Postmodernism is usually considered a rather vague concept and is often compared to relativism. It is much easier to depict and define literature and art as being postmodernist than abstract concepts such as environmentalism. Postmodernism, in the environmentalism perspective, includes various ideas, such as the use of deep science, the inclusion of cognition, mind and spirit as being part of the natural environment, as well as dualism of nature. However, for the purpose of this article, the postmodernist view on environmentalism would be defined as holding a broader approach to what we consider “natural” in contrast to traditional environmentalists; i.e. postmodernism would view humans and our activities as being part of nature and not something removed from the “natural” world, as most traditional environmentalists tend to portray.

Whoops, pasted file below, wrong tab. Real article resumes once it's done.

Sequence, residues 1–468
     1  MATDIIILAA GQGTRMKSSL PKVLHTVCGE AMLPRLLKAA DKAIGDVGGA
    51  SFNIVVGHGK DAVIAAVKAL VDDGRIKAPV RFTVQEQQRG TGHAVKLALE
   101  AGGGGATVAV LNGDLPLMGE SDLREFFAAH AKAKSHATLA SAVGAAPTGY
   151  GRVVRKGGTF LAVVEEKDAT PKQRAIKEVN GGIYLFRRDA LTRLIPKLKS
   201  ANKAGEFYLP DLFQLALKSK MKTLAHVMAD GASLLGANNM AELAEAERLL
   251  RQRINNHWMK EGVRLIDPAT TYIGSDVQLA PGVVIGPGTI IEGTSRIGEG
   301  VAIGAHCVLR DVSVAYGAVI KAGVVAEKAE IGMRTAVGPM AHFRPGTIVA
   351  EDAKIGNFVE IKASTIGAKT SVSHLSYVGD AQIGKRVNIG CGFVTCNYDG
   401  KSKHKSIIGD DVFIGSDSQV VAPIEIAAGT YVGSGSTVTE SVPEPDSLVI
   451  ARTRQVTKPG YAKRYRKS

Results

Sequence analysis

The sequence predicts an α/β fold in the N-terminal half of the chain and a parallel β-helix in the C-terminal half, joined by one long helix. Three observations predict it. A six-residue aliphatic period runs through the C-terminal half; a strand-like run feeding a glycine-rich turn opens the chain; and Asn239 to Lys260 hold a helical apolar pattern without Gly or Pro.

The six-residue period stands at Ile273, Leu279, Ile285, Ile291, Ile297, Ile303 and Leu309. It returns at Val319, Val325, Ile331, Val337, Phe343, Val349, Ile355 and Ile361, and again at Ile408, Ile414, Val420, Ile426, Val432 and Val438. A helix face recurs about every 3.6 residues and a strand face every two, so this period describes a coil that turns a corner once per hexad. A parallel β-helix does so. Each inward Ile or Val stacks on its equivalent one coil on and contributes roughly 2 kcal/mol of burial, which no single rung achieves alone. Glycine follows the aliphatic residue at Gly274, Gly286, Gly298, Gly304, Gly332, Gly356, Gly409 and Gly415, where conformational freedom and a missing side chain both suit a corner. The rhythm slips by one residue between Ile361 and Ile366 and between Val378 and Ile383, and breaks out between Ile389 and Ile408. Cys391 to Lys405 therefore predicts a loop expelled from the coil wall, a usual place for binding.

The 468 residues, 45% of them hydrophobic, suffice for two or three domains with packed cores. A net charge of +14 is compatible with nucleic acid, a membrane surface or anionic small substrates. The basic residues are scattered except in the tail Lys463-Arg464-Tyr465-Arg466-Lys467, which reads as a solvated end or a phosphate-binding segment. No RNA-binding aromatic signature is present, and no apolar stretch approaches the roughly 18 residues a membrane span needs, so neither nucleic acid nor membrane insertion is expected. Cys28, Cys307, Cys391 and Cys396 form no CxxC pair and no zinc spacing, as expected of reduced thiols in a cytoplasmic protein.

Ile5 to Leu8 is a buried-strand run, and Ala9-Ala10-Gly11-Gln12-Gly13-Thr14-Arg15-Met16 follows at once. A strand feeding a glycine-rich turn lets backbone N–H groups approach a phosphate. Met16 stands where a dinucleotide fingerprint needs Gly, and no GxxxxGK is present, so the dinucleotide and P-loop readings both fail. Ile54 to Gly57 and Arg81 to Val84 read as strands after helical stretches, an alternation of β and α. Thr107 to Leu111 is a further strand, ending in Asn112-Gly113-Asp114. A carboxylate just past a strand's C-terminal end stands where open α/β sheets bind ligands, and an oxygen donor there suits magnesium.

Modern environmentalism began in the 19th century when people began to notice how their actions were polluting the world. The main concerns of environmentalists included preservation and conservation of natural habitats and species. In more recent times, the focus has been on sustainability. Environmentalists are concerned that we are using up our resources very quickly and we will run out of fuel, water, and other resources soon, which is why we must conserve now. Modern environmentalists also talk about changes to the world’s atmosphere because of pollution and how it is affecting global warming. These might be considered as noble pursuits; however, these modern environmentalists have a very myopic view of what comprises nature. If they were to view the world through a postmodernist perspective, they’d realize that it is not just the “natural” world, but also the artificial world that is part of our nature.